The legality of prison censorship was revisited in the 1987 case of Turner v. Safley2, where the court attempted to establish a uniform banning procedure, an effort which ultimately failed to rectify the pervasive problem. The Supreme Court formed the Turner Test, a four-part standard of review meant to aid prison officials in their censorship decision process. In order to determine whether an act of censorship is reasonably related to the overall penological concerns of the prison, the Supreme Court outlined four queries for prison officials to examine:
  • Whether there is a “valid, rational connection” between the prison regulation and the legitimate governmental interest.
  • Whether there are alternative means for the inmates to exercise their constitutional rights.
  • Whether the granting of inmate request will negatively impact on guards and other inmates.
  • Whether there are any ready alternative ways for the inmate to exercise his rights.3
Similar to Title 28, the application of the Turner Test is left in the hands of prison officials, wardens, and, in many cases, mailroom staff. In Turner v. Safley, Justice Stevens states, “if the standard [could] be satisfied by nothing more than a ‘logical connection’ between the regulation and any legitimate penological concern perceived by a cautious warden, it is virtually meaningless” (Burns 2007, p. 1243) The Turner framework passes the responsibility of defining security concerns to the warden or prison officials, and requires no evidence to support those determinations. This is a seemingly impractical and unjust measure which leads to inconsistency of censorship across institutions.
The material effect of the Turner Test is demonstrated in the 2006 case of Beard v. Banks, when the Secretary of the Pennsylvania Department of Corrections, Jeffrey Beard, was challenged on his ban determination by inmate Ronald Banks. Beard v. Banks addressed restrictions placed on prisoners in “level 2” of the Long-Term Segregation Unit (LTSU). Inmates placed in level 2 LTSU were routinely denied access to visitors, commissary, newspapers, magazines, books, and personal photographs. The justification made by prison officials for employing such rigid restrictions was that level 2 LTSU housed only their most contentious inmates. This might be defensible, if, in fact, the system of placing inmates in this highly restrictive unit was based on a comprehensive evaluation of penological concern. However, as outlined in this case, every new inmate was automatically assigned to this housing unit for a minimum of ninety days.4 It was also noted by the court that, as a general practice of the facility, most inmates (approximately three out of four) never graduated to a lower level of security.5 Although this information was brought to the attention of the court by Mr. Banks, the court ultimately ruled in favor of the Pennsylvania prison, in a six-to-two vote. Justices Thomas, Stevens, and Ginsburg all criticized this particular application of the Turner Test, as the prison only vaguely connected the restrictions to rehabilitation.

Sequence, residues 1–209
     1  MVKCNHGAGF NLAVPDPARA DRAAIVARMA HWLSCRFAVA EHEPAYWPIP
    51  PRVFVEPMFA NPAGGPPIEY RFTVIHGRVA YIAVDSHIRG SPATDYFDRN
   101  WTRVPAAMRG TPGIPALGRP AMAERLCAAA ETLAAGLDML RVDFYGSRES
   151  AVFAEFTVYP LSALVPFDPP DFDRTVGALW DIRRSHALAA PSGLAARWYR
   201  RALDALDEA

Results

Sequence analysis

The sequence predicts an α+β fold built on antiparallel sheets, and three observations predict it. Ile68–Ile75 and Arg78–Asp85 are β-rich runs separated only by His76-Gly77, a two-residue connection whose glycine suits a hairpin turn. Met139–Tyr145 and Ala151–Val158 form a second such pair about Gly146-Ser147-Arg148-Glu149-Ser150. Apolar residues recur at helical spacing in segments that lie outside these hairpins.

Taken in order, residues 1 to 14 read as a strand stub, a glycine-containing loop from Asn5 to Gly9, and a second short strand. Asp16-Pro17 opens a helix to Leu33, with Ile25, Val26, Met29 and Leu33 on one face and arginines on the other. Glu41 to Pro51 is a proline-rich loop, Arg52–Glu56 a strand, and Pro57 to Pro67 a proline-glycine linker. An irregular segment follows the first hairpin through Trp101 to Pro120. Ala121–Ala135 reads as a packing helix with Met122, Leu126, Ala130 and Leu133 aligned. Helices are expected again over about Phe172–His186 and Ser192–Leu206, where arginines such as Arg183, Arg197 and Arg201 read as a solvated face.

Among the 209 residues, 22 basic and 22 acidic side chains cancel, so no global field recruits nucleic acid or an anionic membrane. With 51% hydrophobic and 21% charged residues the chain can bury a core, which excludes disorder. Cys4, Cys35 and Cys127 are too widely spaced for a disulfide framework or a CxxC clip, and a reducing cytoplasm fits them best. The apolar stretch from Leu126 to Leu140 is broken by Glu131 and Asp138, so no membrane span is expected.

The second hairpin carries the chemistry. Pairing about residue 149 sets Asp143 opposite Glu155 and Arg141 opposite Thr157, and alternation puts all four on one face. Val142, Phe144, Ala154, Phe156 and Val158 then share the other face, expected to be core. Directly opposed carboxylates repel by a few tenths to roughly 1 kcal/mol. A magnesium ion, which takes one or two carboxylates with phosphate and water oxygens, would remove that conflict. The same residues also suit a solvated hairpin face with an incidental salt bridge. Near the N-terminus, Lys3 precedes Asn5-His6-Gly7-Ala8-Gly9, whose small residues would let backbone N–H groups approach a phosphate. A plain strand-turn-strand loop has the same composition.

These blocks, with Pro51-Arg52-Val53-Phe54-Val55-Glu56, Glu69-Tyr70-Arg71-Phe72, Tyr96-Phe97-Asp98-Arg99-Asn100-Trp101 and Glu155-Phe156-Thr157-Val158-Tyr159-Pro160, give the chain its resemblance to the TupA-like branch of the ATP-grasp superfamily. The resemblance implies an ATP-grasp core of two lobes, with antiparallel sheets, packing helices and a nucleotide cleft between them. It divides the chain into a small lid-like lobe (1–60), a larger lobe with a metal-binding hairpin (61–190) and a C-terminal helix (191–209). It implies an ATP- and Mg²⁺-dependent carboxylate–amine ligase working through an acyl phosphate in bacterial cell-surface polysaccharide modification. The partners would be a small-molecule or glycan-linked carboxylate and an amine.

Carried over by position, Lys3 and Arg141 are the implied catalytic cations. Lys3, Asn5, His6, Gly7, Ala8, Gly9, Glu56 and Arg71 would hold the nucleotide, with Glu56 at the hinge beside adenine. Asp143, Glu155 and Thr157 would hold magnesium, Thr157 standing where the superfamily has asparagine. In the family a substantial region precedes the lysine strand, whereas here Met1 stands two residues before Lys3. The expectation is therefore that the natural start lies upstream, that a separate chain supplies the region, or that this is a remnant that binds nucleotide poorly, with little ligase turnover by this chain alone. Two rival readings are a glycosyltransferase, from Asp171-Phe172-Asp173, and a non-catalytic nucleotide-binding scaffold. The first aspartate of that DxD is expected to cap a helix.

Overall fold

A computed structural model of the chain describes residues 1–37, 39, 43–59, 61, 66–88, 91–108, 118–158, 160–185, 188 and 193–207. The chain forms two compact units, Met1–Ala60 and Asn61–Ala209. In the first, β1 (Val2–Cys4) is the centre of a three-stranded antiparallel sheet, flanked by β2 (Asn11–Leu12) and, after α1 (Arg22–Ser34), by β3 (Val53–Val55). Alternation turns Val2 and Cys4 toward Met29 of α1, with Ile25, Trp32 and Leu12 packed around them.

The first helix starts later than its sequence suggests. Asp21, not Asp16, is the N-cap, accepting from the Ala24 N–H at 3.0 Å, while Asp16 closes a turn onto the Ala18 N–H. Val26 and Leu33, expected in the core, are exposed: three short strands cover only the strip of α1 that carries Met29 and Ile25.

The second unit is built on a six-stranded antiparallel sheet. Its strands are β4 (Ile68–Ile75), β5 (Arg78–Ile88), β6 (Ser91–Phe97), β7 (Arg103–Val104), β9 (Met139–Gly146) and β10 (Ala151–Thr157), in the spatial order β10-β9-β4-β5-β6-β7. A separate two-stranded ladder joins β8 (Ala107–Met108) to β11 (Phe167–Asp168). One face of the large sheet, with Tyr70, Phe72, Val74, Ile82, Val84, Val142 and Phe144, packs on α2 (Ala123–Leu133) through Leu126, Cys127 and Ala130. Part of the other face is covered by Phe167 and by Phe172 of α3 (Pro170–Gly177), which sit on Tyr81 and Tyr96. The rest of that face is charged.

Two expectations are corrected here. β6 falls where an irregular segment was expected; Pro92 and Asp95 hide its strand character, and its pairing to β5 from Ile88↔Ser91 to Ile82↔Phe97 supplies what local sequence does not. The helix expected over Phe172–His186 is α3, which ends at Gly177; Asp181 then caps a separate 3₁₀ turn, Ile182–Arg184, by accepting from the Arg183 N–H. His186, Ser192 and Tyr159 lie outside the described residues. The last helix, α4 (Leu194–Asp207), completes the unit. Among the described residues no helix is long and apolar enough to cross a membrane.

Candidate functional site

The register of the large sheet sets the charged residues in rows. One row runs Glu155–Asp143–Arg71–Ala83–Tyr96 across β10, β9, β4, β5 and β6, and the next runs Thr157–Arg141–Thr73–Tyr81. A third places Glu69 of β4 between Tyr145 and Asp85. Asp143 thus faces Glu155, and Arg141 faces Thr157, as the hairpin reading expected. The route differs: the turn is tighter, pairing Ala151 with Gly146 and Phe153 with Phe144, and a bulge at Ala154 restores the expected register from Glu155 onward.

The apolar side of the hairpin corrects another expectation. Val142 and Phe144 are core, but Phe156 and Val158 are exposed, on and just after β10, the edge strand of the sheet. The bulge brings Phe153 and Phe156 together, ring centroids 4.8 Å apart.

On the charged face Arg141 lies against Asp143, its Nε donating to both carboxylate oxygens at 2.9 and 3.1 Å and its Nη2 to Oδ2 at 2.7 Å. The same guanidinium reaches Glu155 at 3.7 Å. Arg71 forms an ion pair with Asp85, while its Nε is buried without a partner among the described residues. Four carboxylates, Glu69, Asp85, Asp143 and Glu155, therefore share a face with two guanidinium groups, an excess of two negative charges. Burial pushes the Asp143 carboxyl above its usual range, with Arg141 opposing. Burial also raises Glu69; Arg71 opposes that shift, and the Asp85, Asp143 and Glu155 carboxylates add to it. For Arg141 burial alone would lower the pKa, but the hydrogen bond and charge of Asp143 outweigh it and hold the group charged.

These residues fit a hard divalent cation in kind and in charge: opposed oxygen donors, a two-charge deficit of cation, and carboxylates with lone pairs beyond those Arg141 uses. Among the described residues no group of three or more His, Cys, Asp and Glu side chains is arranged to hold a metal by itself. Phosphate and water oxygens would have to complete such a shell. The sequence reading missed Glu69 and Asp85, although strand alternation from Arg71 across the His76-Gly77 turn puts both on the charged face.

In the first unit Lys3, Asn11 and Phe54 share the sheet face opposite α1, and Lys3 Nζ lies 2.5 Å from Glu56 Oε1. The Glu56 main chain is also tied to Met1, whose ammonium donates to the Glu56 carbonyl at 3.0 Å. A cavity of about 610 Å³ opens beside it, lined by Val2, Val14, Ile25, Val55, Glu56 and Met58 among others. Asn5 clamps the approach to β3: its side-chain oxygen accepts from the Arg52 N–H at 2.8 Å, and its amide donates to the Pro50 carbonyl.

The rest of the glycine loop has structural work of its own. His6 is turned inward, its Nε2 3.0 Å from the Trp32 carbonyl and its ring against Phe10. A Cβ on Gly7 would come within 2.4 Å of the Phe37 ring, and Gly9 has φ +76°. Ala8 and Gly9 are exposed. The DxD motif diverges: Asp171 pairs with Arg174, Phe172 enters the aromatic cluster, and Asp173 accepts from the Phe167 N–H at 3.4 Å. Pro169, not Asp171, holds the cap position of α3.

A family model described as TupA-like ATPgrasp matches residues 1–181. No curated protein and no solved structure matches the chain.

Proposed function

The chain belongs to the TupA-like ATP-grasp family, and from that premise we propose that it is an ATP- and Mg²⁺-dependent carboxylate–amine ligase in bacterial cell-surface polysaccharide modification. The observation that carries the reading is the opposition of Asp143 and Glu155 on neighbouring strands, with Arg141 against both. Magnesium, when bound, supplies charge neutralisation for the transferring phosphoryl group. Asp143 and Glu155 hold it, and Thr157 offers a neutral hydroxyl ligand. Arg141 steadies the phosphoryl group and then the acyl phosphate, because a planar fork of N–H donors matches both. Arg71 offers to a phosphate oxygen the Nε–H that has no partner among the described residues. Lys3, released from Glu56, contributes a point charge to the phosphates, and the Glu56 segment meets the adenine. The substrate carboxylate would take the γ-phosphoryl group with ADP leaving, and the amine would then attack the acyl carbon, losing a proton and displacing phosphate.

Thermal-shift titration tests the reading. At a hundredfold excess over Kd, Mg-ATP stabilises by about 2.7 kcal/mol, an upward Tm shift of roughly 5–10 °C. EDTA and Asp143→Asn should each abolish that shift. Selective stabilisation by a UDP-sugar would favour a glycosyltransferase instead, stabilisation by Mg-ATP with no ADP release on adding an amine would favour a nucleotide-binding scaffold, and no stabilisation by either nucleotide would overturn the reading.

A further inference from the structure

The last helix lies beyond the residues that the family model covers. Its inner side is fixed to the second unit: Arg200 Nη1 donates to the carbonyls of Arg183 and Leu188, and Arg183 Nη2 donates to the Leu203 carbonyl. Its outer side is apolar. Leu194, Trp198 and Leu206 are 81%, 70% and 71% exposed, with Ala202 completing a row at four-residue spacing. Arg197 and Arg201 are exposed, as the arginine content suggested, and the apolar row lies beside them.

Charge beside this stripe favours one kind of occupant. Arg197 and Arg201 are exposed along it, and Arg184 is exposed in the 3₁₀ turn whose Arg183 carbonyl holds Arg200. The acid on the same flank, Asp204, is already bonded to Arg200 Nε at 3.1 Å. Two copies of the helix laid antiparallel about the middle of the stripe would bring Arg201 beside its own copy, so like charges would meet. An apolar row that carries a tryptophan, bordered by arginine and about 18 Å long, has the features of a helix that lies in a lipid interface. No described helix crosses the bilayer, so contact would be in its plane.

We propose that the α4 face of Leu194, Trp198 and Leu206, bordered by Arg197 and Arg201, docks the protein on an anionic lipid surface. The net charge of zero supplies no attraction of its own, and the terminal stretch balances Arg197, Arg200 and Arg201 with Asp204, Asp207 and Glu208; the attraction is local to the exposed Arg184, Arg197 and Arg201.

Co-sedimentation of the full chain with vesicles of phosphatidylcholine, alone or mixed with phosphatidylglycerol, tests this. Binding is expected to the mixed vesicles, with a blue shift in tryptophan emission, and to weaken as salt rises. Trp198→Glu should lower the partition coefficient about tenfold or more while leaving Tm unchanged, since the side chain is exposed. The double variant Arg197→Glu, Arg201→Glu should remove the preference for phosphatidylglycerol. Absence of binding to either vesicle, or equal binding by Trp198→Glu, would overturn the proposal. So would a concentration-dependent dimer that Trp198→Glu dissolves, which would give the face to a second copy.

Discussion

The court’s pattern of deferring the responsibility of protecting constitutional rights onto prison officials spans beyond the banning of reading materials. During the 1960s, the “O-wing” of the Soledad Prison in California was subject to a prisoner’s federal suit. The conditions in this particular block of cells were inhumane, uninhabitable, and arguably exemplified “cruel and unusual punishment” under the Constitution. In 1966, the presiding judge opined that the conditions of the O-wing “does violence to the elemental concept of decency.” (Yee 1973, p. 24). Although the court ruled in the prisoners’ favor, little was done to rectify the atrocious living conditions. As noted by prison reform scholar, Larry E. Sullivan:
The decision provided a measure of satisfaction to the prisoners and brought conditions at Soledad to public attention, but few practical improvements resulted. The court could not break entirely from the traditional ‘hands-off’ policy of not interfering with bureaucratic runnings of prisons, and therefore it did not mandate the implementation of specific procedures by which the correctional system was to comply with the Constitution.
It should be no surprise, then, that a prison system which deprives inmates of moderately clean, properly ventilated, humane living space, might also deprive inmates of their intellectual freedoms.